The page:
Skip to comments.Kandahar Airfield: Dusty chaos in perpetual motion
Posted on 04/28/2009 9:17:32 PM PDT by Clive
A Griffon CH-146 tosses up clouds of dust in Kandahar Airfield.
LCol Michel Villeneuve describes the dusty, noisy experience
of working at the airfield.
Tuesday, April 28, 2009
Kandahar, Afghanistan – The effect is stunning, a total surprise.
It’s like finding yourself, without warning, facing the bleak landscape of another planet. The whole thing can be summed up in two words: dust and noise.
It’s chaos in perpetual motion. Trucks toss up clouds of dust so fine that it hangs in the air indefinitely; only nightfall brings it back down.
The soil, which looks like clay churned and baked over thousands of years, seems doomed to spend the days flying up in the tracks of everything that disturbs it, not to descend again until evening.
From east to west there’s the same desolation, except for a few mountains just as arid as the landscape around the camp.
A grey mixture of concrete, barbed wire, minefields and dust
Everything here is some shade of grey, with no grass, crops or shrubs and only a few drab trees. It’s a mixture of concrete, barbed wire, minefields, and the dust that covers our vehicles, uniforms, machinery, equipment — even our flags, where only the wind can sweep it away.
It’s hard to believe, but the omnipresent suspended dust even has its own odour. This situation becomes even less bearable when the wind turns to the west and the exhalations of the sea of human excrement that lies within the camp perimeter sink into your innermost being.
Reveille begins the unshakeable routine
It’s like this every single day, an unshakeable routine, rolling continually like the military truck traffic, the troop movements, the dusty clouds shrouding everything.
Camp routine is always the same: reveille at 5:30 a.m. followed by a wash, a work-out at 6:00 a.m., and breakfast at 7:15 a.m. Next we begin a day that doesn’t end until about 8:30 p.m., sometimes later. Bedtime is about 10:30, when you can fall asleep.
In fact, military operations go on constantly, seven days a week, and sleep doesn’t come until late at night and only for a few hours, between missions.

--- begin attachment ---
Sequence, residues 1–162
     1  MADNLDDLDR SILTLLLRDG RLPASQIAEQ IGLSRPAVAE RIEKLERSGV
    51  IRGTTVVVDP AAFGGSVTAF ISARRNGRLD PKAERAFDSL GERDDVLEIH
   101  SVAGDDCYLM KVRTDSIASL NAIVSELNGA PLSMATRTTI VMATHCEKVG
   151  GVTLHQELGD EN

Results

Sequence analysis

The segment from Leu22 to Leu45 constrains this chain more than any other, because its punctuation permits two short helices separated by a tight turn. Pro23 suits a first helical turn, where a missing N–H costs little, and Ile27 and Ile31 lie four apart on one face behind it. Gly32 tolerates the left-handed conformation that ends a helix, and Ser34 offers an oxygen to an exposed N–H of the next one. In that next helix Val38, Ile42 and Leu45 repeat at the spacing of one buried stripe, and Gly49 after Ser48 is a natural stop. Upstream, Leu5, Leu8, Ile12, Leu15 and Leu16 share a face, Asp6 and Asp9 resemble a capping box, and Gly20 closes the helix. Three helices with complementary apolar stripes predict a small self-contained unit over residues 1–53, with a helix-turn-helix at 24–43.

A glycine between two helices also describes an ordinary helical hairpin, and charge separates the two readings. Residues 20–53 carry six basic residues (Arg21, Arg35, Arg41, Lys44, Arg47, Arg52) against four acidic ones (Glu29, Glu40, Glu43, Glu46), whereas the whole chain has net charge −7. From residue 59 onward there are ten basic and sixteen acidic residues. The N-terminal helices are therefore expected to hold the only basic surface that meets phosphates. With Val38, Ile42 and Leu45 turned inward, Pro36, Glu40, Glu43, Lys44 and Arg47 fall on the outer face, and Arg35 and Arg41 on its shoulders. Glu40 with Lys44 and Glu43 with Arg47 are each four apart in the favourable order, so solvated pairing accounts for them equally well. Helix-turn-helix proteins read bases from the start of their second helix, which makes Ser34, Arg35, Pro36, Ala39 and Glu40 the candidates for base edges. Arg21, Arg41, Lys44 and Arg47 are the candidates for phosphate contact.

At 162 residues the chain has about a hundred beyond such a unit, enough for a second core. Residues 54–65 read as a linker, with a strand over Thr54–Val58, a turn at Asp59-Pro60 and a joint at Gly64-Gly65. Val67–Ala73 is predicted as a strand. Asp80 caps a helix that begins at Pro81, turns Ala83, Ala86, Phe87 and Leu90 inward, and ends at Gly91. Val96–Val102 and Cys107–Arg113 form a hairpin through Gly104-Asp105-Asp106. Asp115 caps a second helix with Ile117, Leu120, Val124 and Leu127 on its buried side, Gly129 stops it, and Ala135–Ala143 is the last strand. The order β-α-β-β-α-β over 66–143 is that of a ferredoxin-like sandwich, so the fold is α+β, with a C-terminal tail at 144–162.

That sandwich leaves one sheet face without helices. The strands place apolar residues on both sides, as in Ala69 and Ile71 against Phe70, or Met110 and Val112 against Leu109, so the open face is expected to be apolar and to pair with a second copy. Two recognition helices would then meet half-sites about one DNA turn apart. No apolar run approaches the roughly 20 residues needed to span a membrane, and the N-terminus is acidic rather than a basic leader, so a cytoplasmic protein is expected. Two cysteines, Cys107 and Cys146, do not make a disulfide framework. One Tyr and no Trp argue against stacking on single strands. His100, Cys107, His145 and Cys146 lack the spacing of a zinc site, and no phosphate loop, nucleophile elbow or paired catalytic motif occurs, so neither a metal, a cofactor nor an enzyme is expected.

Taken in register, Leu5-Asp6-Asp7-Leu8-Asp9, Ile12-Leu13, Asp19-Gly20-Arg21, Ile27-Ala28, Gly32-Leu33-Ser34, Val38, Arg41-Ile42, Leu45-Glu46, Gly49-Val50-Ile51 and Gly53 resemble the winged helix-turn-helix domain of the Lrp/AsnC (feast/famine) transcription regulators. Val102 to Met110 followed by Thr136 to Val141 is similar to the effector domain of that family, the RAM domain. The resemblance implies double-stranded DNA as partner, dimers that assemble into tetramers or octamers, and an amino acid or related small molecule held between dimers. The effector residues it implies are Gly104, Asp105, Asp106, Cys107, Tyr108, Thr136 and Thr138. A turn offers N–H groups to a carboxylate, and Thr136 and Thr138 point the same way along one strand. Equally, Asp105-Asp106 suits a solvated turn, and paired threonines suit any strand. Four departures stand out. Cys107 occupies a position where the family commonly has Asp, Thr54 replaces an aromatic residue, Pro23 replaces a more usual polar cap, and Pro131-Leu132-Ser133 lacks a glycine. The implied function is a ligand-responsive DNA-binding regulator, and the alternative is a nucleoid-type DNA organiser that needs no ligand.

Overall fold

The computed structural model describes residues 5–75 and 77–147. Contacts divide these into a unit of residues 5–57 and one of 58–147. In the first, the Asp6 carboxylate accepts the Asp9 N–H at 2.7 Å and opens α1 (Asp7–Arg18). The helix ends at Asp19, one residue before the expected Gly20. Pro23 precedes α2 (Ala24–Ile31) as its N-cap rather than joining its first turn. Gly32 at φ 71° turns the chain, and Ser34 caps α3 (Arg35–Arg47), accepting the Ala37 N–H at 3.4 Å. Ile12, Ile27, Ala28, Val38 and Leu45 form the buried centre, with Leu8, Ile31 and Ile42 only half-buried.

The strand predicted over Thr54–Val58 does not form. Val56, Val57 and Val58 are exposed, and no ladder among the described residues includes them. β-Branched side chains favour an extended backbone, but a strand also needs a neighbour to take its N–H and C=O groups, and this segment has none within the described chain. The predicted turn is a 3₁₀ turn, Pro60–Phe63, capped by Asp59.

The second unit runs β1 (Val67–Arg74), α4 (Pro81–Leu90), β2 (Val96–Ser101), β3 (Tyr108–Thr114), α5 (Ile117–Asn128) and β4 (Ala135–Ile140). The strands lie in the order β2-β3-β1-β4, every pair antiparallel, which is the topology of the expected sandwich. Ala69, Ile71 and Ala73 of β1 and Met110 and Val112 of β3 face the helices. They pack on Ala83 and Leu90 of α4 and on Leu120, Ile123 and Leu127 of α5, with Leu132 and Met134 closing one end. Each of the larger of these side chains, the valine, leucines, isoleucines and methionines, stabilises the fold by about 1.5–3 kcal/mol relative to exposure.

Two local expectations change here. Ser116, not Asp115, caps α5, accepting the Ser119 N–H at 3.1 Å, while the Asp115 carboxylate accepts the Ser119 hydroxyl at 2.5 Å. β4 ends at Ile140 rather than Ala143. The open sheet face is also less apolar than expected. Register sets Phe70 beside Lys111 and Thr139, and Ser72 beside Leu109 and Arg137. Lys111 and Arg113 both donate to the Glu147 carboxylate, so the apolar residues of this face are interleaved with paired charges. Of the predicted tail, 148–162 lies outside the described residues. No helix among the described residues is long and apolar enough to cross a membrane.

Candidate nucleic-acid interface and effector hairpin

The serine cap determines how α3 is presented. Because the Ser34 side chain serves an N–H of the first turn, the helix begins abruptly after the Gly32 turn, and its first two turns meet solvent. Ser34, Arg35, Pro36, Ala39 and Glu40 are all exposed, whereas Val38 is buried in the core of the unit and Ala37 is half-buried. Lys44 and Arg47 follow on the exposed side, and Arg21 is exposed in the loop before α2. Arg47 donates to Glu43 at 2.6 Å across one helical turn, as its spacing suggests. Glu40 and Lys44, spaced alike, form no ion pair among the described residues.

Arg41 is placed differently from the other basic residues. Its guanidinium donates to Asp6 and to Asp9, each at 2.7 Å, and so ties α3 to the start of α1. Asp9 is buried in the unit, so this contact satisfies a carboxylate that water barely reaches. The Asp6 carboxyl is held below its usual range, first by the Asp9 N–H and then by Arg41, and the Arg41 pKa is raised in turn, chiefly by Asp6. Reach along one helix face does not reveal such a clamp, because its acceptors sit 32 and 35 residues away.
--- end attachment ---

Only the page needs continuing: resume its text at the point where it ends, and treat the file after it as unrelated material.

At night, the racket of the war machine established in what used to be Kandahar’s international airport only gets louder. The roar of jet engines, combat helicopters constantly shuttling back and forth — non-stop air operations disturb everyone. Oh well, what can’t be cured must be endured.
Less than 200 metres from my quarters is the last defensive position the Taliban held when the intervention force arrived in 2001. We call this rampart the “TLS,” which stands for “Taliban’s Last Stand.” Surrounded and bombarded during the siege, those who managed to escape withdrew into the neighbouring mountains.
Sometimes you have to ask yourself whether the roles haven’t been reversed. It’s an asymmetrical conflict with an invisible enemy who goes to ground and then trickles away into the Afghan population.
Last evening, rockets landed in the camp not very far from us. It’s like this every evening, waiting and listening, ready to dive into the bunkers. By outrageous coincidence, the rockets were based in the TLS area, with ignition system in place and in all likelihood prepared for firing in our direction.
A precarious and dangerous place
Without a shadow of doubt, Afghanistan is a precarious and dangerous place.
Tonight, the Canadian flags are at half-mast. This will be the 115th goodbye to people who were at our side mere hours ago. Four of us have fallen, never to rise again.
Like dozens of times before, the ceremony and the farewells are held on the ramp. We have become accustomed to it, but it is not at all routine. This evening, I went to the chapel where the four soldiers rested before their repatriation. They were only 20, 22, 26, and the eldest, 27 years old, the father of two small children.
Next came the ceremony, solemn and grand in all its military splendour, masterfully orchestrated with acute precision and controlled down to the smallest detail. The ranks of soldiers set out in a multitude of platoons, men and women paraded by unit and national contingent.
Before this moving display of bitter solidarity, I fixed my mind on the soldiers who lost their lives in this harsh country, of all places, so far from their homes and loved ones.
Article by LCol Michel Villeneuve, Joint Task Force Afghanistan Air Wing
LCol Villeneuve is the weapon system manager responsible for in-service support to the CH-147 Chinook fleet. He recently visited the JTF Afg Air Wing on a technical assistance visit.
Photo by Cpl Andrew Saunders
Courtesy of Canadian Expeditionary Forces Command.
This Canadian writer has obviously never been to Nevada.
The losses are sad and terrible.
The routine ...routine.
However, in this is a clarity as long as you don’t think too much about the purpose, just the mission and your buddies. Work, sleep, eat and survive. Really, to me, much more clear, satisfying and so much less complicated than living as a civilian or stateside.
If you know your enemy, if death comes quickly and not the endlessness of permanent injury and you can put both away and out of mind, it is not so bad.
It is the loneliness though isn’t it? The responsibility to communicate with those you love and who love you, pressed against the avoidance of doing so out of self protection. When you can finally put the pain of missing to the background you hate to pull it up again because you know how hard it is to put back where it is out of the way.
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